Dear Freshman Olivia,
Let me just start off by saying collegiate athletics are HARD!
You are never fully prepared for the rigorous training schedules and academic demands that come with being a collegiate athlete. I can go on and on about how hard it was for me to get to where I am today, but I’ll try to keep it short and sweet.
I had heard about the possibility of having the coaches that recruited you leave, but I never once thought that would happen to me.
So when I got a call three weeks before school started explaining that the coach who my parents and I had put so much faith in was no longer going to be at the school, I was devastated. Should I leave? Should I stay? I ultimately decided to stay because there was so much more to the college I chose than just a coach. My first piece of advice when selecting a school is to never base your decision solely on a human being who can leave whenever they want. There is more to collegiate athletics than good coaches.
“I ultimately chose to stay because there was so much more to the college I chose than just a coach.”
Although coaching plays a huge role, you must also be an advocate for yourself. During my sophomore year of college, my athletic career was in complete turmoil.
I was running slower than I had been before college. Stopped making the travel party by outdoor season because I wasn’t considered good enough. Felt I wasn’t coached to the capacity of my other teammates because of my “genetic potential.” It is important to understand that this reference is used in all collegiate sports, not just track.
Be prepared to conquer judgment on your genetic potential. Coaches attempt to guess how well you can perform based on genes such as height, weight, and overall build; but there is no real way to guesstimate anyone’s ability. If you have talent, you have talent. If you work hard, you work hard, end of discussion.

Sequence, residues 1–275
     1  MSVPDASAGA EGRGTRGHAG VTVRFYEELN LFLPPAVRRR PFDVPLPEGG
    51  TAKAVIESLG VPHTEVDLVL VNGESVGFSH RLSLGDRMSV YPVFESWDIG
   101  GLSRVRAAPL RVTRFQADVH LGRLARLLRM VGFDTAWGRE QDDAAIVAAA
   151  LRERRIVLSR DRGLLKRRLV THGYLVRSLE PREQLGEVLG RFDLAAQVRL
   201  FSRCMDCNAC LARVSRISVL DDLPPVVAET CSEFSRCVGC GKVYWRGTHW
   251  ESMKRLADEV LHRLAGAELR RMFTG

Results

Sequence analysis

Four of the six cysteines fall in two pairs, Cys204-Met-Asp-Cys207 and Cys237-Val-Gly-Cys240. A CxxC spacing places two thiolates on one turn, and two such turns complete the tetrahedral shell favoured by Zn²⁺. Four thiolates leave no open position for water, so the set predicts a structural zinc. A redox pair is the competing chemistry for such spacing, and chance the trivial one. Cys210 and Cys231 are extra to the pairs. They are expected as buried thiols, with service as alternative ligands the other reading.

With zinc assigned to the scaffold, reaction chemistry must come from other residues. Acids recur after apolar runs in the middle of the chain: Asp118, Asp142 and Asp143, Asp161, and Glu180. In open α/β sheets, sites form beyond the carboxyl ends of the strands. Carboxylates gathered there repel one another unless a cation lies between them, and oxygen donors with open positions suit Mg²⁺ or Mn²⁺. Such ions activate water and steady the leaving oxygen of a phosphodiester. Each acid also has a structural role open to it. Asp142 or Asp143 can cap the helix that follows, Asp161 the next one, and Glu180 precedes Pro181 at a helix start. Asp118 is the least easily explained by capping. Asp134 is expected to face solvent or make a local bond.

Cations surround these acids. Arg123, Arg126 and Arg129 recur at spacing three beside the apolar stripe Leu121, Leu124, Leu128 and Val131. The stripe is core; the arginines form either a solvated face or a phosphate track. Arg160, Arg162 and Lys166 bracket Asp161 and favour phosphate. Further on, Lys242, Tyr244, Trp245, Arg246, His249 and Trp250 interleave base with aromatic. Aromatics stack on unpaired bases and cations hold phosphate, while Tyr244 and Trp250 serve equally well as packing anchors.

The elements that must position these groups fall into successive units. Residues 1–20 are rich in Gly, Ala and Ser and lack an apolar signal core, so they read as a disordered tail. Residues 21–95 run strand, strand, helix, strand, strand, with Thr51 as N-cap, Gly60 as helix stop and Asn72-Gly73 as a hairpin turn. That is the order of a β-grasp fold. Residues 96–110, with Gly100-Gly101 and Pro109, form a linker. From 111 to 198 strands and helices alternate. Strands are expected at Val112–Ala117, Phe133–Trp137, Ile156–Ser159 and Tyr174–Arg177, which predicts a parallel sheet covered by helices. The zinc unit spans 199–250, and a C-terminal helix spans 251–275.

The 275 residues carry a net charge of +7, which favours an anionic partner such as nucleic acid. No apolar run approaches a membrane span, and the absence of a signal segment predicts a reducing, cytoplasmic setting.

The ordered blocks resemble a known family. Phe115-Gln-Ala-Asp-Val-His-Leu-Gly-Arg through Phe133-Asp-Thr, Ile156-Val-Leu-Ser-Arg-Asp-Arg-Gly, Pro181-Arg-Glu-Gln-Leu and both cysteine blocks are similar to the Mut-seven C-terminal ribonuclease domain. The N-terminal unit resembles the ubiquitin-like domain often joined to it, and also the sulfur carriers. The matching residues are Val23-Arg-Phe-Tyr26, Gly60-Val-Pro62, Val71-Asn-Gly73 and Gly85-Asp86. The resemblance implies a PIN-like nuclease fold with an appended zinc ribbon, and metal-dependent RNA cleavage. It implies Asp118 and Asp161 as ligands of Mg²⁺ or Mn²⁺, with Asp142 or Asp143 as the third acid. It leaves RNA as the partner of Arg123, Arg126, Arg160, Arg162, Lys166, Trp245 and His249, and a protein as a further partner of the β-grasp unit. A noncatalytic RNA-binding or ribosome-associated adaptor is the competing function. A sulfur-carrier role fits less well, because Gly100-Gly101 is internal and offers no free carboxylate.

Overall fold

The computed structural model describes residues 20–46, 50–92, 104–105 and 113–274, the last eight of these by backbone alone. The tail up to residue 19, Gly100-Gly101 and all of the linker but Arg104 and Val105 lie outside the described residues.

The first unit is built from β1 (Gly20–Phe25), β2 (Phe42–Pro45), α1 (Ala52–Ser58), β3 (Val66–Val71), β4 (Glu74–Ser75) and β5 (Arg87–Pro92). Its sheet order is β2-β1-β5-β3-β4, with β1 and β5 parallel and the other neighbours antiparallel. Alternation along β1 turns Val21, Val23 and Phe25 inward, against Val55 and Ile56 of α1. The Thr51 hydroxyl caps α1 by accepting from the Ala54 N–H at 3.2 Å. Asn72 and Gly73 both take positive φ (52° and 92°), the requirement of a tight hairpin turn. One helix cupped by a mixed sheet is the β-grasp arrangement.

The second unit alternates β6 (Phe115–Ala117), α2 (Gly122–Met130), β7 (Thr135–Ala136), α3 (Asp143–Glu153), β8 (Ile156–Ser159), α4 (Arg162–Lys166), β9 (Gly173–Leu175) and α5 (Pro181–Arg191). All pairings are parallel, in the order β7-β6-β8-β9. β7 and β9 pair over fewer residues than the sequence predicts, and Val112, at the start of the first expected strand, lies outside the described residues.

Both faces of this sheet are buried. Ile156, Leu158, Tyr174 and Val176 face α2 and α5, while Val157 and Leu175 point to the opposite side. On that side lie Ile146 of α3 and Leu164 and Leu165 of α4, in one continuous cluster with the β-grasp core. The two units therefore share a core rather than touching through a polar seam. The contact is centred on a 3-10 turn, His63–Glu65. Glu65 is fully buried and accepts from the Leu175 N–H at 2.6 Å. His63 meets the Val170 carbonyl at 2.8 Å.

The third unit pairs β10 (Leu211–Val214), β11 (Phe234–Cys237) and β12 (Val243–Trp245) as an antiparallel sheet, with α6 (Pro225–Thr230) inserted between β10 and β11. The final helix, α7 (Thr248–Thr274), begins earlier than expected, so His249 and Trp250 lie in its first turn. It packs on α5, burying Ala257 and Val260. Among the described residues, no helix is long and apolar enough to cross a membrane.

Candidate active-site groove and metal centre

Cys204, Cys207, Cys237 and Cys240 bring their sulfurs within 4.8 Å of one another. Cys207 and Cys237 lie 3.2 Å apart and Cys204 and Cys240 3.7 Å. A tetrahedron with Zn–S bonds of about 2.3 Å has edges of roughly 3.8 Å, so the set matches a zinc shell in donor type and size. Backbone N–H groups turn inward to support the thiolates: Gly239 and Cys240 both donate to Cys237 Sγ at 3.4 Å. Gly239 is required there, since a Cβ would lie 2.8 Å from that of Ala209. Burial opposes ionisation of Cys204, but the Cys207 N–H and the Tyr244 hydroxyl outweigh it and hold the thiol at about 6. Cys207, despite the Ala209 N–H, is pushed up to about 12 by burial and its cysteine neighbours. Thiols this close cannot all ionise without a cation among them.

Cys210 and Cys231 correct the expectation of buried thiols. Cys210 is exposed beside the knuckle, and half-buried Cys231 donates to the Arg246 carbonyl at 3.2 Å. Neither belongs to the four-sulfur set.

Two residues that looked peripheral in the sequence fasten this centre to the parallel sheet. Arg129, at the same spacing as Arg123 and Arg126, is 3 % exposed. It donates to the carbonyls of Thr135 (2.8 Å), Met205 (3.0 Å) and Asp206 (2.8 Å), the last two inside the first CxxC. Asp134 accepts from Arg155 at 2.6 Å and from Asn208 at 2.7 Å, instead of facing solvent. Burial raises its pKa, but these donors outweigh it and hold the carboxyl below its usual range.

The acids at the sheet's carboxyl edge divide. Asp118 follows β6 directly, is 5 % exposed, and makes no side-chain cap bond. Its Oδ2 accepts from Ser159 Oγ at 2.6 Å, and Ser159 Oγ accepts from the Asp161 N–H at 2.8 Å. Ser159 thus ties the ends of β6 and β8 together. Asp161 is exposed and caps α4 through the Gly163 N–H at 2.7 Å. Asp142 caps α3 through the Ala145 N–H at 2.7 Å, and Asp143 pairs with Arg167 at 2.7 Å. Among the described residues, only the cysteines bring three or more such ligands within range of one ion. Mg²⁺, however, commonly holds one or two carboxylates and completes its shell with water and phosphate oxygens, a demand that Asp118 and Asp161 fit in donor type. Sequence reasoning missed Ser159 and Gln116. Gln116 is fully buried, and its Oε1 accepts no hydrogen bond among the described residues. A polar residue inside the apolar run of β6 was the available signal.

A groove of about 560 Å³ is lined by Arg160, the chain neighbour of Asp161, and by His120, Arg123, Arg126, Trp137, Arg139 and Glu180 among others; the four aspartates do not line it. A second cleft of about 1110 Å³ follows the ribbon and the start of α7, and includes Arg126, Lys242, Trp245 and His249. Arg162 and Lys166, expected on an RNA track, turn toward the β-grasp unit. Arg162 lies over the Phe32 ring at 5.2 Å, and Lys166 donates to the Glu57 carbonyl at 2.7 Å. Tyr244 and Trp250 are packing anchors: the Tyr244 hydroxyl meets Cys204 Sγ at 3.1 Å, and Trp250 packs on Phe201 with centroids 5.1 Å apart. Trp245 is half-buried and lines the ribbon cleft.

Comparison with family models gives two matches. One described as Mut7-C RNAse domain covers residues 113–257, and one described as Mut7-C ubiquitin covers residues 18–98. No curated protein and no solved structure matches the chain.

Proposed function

Through it all, I continued to ask to do more, and I would go to the track and practice drills on my own. I had endless discussions with my head coach about how to become a better athlete. Even vocalized my strength to everyone I came in contact with, even my teammates.
Deep down I knew that I was better than what I was putting out. Although my confidence was shot, my determination was not. Little did I know that my saving grace was on its way in the form of a new coach.
Before I even stepped foot on the track my junior year, I met with my new coach and expressed everything that I had gone through my sophomore year.
I didn’t want him to judge me based on what he had heard, but rather give me a fair shot. He did just that. It may seem that even your coach is against you, but you must stand firm in your ability and be your own cheerleader. Also, don’t ever be afraid to get your parents involved! It is amazing how a parent/coach phone call can change your training environment.
I am humbled to say that I am the second-fastest hurdler in the history of the University of Oklahoma track and field. Because of my diligence and determination, my new coach trained me for success on and off of the track.
“I am humbled to say that I am the second-fastest hurdler in the history of the University of Oklahoma track and field.”
Now as I look back, these are things I wish I would have known my freshman year.
I hope you’ve learned a little bit of what you can expect as a college athlete. You should pick a school based on where you want to go, work hard, and establish good relations with your coaches and teammates.
Now as I look back, these are things I wish I would have known my freshman year. I have become a mentor to my teammates, and hopefully, I have become one to you!
Olivia Haggerty is a recent graduate of the University of Oklahoma. She is the second-fastest hurdler in OU history. Olivia is pursuing a career as a physical therapist. You can find out more on Olivia on Instagram
Want to share your athletic stories or something you learned during the journey? Click Here so we can make that happen!